La Scena Musicale

Saturday, 2 April 2011

Dudamel and "La Phil LIVE" Connect with Shakespeare and Tchaikovsky!

by Paul E. Robinson
The Los Angeles Philharmonic has always been an enterprising organization, and especially so with impresario Ernest Fleishmann in charge. Today, under the leadership of current president Deborah Borda and Maestro Gustavo Dudamel, it is breaking new ground in all kinds of ways; for example, Dudamel is bringing the concept of El Sistema from Venezuela to the poorer neighbourhoods of Los Angeles, and the LA Phil is the first American orchestra to begin streaming live concerts into movie theatres. The second of these “LA Phil LIVE” performances, devoted to three Tchaikovsky symphonic poems inspired by Shakespeare, was presented on March 13. On the whole it was a triumph!
The first concert in this series, presented in January, was a fairly traditional programme of works by Adams, Bernstein and Beethoven; this second presentation, however, was much more imaginative. It included three orchestral pieces by Tchaikovsky: Hamlet, The Tempest, and Romeo and Juliet. The last of these is among Tchaikovsky’s best-known works, whereas the other two are rarely performed. All three were inspired by Shakespeare’s plays.
The performance of the music alone would have been interesting enough, but Dudamel and his orchestra went several steps further; they hired actors to perform excerpts from each of the plays, and these actors, with one exception, having memorized their lines, used various playing areas in front of and behind the orchestra to deliver them.
These actors included some “stars” from Broadway, film and television, among them Matthew Rhys (the Welsh actor currently starring in ABC’s “Brothers and Sisters”) giving us a large chunk of “Hamlet,” and Malcolm McDowell as the Ghost.
As part of The Tempest performance, we had McDowell again, playing Prospero from the organ loft.
Finally, as a preface to Tchaikovsky’s Romeo and Juliet, we had the ‘Balcony Scene’ with British actor Orlando Bloom of Lord of the Rings and Pirates of the Caribbean fame and American Broadway actress Anika Noni Rose.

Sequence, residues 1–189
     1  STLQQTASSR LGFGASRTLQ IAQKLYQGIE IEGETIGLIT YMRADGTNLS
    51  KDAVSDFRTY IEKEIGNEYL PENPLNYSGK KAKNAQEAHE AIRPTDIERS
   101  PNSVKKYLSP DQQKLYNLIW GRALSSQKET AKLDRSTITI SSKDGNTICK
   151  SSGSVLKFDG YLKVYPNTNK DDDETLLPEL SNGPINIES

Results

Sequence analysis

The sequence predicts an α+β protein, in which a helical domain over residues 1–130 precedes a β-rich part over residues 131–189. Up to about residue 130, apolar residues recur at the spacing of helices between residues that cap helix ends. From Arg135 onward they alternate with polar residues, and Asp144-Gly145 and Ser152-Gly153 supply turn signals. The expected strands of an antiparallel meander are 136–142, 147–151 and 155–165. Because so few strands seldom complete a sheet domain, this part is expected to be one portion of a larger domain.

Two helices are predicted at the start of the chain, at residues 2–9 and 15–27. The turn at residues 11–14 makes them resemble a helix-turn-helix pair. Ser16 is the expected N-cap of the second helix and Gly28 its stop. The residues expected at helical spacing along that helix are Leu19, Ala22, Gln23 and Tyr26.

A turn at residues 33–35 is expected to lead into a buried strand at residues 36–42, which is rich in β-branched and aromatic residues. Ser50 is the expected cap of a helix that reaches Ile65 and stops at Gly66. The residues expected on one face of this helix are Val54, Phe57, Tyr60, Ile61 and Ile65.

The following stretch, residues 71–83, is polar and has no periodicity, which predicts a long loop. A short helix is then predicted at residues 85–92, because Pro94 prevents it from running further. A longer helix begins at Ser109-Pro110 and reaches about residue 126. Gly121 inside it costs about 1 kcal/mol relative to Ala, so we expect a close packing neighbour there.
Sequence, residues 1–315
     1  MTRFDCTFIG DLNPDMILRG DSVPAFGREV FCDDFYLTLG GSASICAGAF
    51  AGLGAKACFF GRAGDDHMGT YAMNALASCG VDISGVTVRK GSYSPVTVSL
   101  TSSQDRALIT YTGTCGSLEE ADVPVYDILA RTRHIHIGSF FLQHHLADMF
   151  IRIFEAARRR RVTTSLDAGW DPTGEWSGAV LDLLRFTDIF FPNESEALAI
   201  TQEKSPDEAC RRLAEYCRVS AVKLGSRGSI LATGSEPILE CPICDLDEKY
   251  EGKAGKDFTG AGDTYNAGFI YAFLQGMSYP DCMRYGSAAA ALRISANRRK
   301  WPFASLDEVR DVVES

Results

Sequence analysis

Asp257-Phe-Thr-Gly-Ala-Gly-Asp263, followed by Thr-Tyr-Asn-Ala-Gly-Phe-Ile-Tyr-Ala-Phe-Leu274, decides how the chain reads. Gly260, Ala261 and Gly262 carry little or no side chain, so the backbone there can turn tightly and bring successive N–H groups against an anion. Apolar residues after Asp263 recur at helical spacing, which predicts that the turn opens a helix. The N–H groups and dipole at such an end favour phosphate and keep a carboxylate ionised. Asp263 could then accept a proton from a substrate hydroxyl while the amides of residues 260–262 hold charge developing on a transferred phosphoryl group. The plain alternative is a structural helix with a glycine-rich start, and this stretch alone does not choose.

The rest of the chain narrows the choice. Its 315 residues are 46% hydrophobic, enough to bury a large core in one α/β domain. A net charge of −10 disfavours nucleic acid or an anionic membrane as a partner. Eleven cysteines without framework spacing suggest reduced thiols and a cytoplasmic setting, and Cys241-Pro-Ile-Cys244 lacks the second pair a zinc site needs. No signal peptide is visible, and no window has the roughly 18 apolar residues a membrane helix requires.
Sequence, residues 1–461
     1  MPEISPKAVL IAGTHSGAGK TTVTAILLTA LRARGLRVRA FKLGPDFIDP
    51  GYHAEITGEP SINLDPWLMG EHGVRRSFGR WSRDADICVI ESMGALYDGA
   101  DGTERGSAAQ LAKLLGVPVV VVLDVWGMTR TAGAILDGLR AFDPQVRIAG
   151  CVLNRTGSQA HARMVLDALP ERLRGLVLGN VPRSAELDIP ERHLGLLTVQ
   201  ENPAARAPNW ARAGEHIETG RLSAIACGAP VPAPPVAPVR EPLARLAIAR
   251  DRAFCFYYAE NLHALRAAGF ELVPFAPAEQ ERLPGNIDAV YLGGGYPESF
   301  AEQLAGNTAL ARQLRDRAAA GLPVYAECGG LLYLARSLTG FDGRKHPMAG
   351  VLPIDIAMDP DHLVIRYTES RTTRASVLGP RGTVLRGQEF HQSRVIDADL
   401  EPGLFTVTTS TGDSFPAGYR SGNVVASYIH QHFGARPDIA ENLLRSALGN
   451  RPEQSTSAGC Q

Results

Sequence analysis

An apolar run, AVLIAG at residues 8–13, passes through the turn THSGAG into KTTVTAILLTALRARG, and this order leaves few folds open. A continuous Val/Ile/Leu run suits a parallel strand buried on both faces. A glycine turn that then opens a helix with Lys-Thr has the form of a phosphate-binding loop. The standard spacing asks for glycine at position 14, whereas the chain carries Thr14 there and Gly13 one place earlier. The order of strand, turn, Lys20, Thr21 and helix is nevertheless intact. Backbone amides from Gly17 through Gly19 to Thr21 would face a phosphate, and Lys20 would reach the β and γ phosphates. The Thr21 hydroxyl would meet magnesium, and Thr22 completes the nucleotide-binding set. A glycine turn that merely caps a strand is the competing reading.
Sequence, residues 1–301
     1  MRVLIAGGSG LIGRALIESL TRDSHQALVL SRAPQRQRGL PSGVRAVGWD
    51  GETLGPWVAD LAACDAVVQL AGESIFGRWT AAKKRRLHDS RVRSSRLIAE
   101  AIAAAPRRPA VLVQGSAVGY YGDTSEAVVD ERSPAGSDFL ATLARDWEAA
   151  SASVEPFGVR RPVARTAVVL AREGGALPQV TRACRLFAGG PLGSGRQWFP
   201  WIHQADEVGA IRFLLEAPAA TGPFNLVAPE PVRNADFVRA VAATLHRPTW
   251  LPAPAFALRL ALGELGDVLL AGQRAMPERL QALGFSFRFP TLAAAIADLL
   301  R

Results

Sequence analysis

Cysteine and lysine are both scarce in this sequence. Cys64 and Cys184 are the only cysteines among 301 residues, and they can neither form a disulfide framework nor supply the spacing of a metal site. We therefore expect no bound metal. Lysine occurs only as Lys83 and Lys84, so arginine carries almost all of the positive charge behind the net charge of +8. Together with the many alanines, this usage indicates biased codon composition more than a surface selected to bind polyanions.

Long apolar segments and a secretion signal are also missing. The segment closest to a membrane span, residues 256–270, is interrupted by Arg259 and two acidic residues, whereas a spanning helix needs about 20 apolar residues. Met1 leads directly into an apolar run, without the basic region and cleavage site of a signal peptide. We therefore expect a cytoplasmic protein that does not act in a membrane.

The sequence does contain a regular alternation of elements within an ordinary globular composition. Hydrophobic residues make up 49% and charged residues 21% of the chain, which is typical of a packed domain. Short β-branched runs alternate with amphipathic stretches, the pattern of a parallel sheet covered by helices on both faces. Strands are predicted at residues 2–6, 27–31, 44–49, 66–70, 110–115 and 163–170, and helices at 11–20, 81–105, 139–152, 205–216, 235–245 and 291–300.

Each of the actors performed with distinction, but I was particularly struck by Ms. Rose’s mellifluous voice and intelligent line readings. It also seemed especially appropriate for a Los Angeles-based orchestra to reach out to the entertainment industry for participation in a production such as this.
Musically, the performances were on a very high level too. Dudamel didn’t have anything personal to reveal about Tchaikovsky’s music but he inspired the orchestra to play with commitment and excitement. There were a few too many horn cacks for a major orchestra and I have heard some of this music rendered more powerfully by the likes of Stokowski or Gergiev, but Dudamel and the LAPO served Tchaikovsky well.

I attended this particular “LA Phil LIVE” performance at the Tinseltown Theater in Pflugerville, Texas, a suburb of Austin. The video quality was excellent. I wish I could say the same for the audio. Again, I have to think that the streaming process is compressing the dynamic range of the performance. The bass response is very poor and the climaxes lack weight and power.
Although I may concede that the audio is probably not of much concern to theatergoers who attend the “Met Live in HD” performances, I think I can safely assume that music lovers who go to see an orchestral concert expect more than HD quality video. They want HD quality sound too! If they don’t get it, they’re unlikely to pay $20 a ticket to come back the next time.
In these early days of concerts in HD, the audiences in many venues are miniscule – only 20 people in a theatre seating 150 at the performance I attended; with poor sound quality and almost no marketing to speak of, there may be even fewer people in the audience next time.
Paul E. Robinson is the author of Herbert von Karajan: the Maestro as Superstar, and Sir Georg Solti: His Life and Music. NEW for friends: The Art of the Conductor podcast, Classical Airs.